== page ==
Court has suspended the sentencing of two suspects implicated in the 2013 Westgate Mall terror attack, to October 30 (Friday next week).
The decision by the court to defer the sentencing was impelled by the prosecution’s failure to produce a pre-sentencing report.
Prosecution said it needed more time to prepare, as it had not interviewed some of the victims.
Others scheduled to visit the Anti-terrorism police unit before Friday, October 30 are yet to do so.
On October 7, 2020, court found the duo- Mohammed Abdi and Hassan Mustafa guilty of terror crimes at Nairobi's Westgate Mall that left 67 people dead and over 200 injured.
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The duo face up to 20 years in prison.
The suspects appeared before Chief magistrate Francis Wandayi at the Milimani Law Court to face at least 12 counts, among them commission of a terrorism act, being in possession of stolen items and being in the country illegally.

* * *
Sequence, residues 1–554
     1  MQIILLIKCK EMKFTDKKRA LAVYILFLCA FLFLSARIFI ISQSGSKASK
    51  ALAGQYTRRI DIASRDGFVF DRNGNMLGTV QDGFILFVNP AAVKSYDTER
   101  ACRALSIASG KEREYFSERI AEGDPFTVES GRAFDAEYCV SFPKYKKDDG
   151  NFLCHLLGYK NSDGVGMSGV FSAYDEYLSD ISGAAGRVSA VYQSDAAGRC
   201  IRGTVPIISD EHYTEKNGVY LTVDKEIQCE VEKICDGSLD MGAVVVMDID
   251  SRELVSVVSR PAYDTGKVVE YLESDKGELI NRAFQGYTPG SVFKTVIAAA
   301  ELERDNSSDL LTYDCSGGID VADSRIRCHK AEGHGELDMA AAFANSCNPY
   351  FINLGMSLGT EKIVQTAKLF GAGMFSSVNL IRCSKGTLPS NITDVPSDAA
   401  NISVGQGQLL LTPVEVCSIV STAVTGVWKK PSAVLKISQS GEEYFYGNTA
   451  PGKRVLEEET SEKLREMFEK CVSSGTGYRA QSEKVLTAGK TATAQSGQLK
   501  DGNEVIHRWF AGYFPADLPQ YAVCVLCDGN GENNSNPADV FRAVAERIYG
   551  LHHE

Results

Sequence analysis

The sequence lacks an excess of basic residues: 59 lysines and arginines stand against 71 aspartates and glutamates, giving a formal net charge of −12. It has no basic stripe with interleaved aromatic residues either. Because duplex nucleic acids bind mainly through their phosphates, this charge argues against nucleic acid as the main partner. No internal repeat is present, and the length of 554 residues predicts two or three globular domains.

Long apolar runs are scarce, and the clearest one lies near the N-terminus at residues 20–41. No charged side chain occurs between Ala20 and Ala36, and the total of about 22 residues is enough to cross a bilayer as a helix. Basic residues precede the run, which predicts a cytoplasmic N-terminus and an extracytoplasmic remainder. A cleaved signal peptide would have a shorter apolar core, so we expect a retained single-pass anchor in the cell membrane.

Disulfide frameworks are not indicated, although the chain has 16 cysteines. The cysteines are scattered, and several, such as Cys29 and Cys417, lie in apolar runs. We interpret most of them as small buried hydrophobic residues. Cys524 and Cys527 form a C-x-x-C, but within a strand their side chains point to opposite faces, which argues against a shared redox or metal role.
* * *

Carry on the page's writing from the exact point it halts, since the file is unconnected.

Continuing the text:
A third suspect, Liban Omar who was acquitted of the charges, was abducted as he left police custody minutes after securing his freedom.
Andayi said that he found no defect in the charges against the third suspect as brought forth by the prosecution. "The irregularities in the process of issuing ID cards cannot be blamed on the third person. The accused was not at the Westgate building during the time of the attack," he ruled.
Liban Abdillahi Omar – who had been on a seven-year trial for supporting the 2013 Westgate Mall attack was leaving the Anti-Terror Police Unit (ATPU) headquarters in Upper Hill, Nairobi when he was whisked away by unidentified men, a police report said.
To date, his whereabouts remain unknown.
Again on January 15, 2019, court freed the fourth suspect-Adan Dheg, for lack ofsufficient evidence.
Chief Magistrate Francis Andayi exonerated Dheg but put Ahmed Abdi, Liban Omar and Hussein Mustafa on their defence.
“I am satisfied that the prosecution has established there is a case to answer against the three suspects, but I will acquit Adan who has no case to answer,” he ruled.
145 witnesses were produced in the course of the trial and the judgement has now been postponed at least four times, all while victims of the attack live in the hope that justice is only delayed but not denied.